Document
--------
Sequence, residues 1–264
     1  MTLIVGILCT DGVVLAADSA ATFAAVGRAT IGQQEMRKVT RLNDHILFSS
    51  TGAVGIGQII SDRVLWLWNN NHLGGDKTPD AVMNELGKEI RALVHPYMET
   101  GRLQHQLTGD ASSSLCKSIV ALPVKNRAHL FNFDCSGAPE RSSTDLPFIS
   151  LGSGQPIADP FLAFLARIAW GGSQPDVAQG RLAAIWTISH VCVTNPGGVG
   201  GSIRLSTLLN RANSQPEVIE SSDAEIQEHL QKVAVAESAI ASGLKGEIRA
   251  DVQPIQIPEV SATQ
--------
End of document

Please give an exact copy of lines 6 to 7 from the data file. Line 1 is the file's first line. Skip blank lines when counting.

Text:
   201  GSIRLSTLLN RANSQPEVIE SSDAEIQEHL QKVAVAESAI ASGLKGEIRA
   251  DVQPIQIPEV SATQ